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Creature Comforts Employees Organize Independent Union

Katie Britton speaks about forming a union for Creature Comforts employees at a Little Kings launch event Jan. 13. Credit: Mark Taylor

Workers at Creature Comforts have organized the Brewers’ Union of Georgia, or BUG, one of the first of its kind in the nation. The union began the process of engaging with management last Friday, and an election will be set soon to formalize the relationship and allow the brewery’s nearly 100-person staff to partner with executives in shaping the company’s future. Widespread support among the company’s staff has organizers hopeful of a successful vote.

Union organizers say they are excited to carry the popular brewery from regional award-winner to national forerunner. “We could become the industry leader,” says one of the members, who asked for anonymity, citing how few breweries match a superior product with the progressive company culture Creature Comforts has built. “We want to help raise the bar across the industry.”

The brewery’s rapid expansion in the last several years has put pressure on the company to abandon the values that distinguished it, say union members. “We exist to foster human connection,” says the company on its website. To become a “force for good in the world” and “support the city they love” the company built a unique family-like culture that enabled its remarkable success in its early years. “The core values espoused by Creature Comforts essentially demand a union,” according to a statement from the prospective union. 

“We’ve lost many amazing people due to this situation,” says employee Katie Britton. “Forming this union is a way to ensure we can retain the amazing people still here and make it better for those to come.” Instead of considering leaving themselves, BUG organizers are rededicating themselves to the company through the union. “We’ve all bought in so much and put so much of our equity into [Creature Comforts],” says a member. “We want to see it succeed.”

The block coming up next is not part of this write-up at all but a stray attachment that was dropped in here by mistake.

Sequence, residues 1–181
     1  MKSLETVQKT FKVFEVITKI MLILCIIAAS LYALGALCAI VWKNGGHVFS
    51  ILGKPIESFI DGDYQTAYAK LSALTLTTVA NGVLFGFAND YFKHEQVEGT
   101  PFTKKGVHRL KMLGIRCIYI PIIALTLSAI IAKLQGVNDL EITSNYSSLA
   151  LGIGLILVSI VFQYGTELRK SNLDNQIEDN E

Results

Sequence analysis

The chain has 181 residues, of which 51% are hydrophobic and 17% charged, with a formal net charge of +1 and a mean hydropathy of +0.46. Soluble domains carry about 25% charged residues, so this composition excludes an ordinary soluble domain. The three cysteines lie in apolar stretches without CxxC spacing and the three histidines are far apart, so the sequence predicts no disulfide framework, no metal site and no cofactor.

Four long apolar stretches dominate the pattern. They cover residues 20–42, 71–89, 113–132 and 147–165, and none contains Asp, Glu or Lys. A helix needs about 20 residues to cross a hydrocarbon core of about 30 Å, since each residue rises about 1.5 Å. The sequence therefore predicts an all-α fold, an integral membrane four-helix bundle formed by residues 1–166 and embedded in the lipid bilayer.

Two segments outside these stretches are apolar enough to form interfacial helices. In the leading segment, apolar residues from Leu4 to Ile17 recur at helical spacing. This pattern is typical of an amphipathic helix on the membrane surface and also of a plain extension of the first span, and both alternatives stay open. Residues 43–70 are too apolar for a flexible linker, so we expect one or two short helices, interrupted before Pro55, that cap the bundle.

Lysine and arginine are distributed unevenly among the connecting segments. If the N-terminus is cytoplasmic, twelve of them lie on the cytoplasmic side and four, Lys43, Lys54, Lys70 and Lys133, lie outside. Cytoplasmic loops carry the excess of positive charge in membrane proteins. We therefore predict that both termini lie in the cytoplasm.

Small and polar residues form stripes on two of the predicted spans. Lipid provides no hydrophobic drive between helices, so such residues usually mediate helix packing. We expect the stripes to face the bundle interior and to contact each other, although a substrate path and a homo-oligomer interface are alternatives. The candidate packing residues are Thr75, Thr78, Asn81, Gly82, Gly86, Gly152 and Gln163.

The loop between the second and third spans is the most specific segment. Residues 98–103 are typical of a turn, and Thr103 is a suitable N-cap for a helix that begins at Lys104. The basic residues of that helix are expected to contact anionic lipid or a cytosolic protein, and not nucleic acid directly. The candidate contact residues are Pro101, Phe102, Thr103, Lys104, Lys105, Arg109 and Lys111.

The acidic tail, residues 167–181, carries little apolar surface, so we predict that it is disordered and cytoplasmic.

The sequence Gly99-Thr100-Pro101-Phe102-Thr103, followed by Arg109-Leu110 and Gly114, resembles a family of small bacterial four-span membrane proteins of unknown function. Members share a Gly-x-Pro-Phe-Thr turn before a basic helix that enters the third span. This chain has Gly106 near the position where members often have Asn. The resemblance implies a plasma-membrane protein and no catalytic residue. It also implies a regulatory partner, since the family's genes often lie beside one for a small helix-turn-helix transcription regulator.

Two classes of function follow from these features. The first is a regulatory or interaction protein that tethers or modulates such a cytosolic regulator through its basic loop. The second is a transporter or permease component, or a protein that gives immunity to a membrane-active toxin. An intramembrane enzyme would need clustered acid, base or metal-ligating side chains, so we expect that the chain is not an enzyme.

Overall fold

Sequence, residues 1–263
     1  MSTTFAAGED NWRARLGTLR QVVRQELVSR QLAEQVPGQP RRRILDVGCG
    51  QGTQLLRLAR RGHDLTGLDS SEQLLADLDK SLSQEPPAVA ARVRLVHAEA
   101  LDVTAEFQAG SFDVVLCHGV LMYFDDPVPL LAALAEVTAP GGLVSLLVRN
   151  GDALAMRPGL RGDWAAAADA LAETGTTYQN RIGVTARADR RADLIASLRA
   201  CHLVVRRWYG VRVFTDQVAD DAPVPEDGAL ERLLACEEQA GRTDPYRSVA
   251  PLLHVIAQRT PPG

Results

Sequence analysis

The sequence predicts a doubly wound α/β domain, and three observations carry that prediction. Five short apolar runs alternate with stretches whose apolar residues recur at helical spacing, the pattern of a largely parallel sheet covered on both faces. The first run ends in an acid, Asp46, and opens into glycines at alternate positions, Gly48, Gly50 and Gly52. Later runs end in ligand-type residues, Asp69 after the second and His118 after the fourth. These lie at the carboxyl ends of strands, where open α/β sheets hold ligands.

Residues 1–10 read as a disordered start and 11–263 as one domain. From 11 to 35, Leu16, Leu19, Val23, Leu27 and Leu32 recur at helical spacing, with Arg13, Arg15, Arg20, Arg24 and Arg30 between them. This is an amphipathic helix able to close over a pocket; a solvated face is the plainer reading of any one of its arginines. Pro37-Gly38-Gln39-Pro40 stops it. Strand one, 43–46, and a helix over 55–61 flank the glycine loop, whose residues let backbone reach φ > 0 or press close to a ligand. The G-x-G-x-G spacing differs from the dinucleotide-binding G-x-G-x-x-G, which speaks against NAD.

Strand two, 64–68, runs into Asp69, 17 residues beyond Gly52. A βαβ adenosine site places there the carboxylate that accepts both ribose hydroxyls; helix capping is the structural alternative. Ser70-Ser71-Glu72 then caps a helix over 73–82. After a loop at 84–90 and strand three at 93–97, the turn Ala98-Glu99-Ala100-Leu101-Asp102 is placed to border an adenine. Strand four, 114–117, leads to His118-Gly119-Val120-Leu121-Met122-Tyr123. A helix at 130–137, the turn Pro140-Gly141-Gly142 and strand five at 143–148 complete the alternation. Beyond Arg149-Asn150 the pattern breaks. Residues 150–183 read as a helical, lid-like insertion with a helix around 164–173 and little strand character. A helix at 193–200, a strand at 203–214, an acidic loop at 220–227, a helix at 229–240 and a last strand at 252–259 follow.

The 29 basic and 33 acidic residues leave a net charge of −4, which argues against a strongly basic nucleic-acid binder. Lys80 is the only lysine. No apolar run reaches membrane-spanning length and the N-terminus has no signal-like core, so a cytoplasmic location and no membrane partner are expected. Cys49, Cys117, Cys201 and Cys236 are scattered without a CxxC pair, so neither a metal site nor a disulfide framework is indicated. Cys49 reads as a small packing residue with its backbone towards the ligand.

The accelerated growth in recent years has begun to fray that company cohesion and introduced a new era of instability, according to employees. “We grew really fast and didn’t have the proper infrastructure in place to support that growth,” says a BUG member. A vicious cycle took hold, where employees feeling overburdened and underrecognized began departing, leaving the growing tide of responsibilities to fall on those remaining, who in turn suffered burnout and began to leave. Workers describe it as a veritable “mass exodus” from a company so known for employee retention.

Upper management is said to be distracted by expansion, especially the company’s new facility in Los Angeles, leaving ever-busier employees at home feeling unsupported and neglected. The employees keeping the company going back home say they feel a lack of appreciation, or even basic knowledge, of what is being accomplished while the executives’ attention is elsewhere. Employees describe a “chasm growing between upper management and everybody who’s supposed to be running the facility.”

The union’s organizing drive took off quickly, beginning in earnest only last summer and soon gathering majority support across the company. After first approaching a national union to sponsor the effort, organizers decided to leverage Athens’ unique local networks to get the ball rolling. Spencer Britton, a research manager, reached out to Mariah Parker, then an Athens-Clarke County commissioner, who connected the nascent union with the Economic Justice Coalition’s Workers Center, a resource specifically designed to facilitate worker efforts like Creature’s.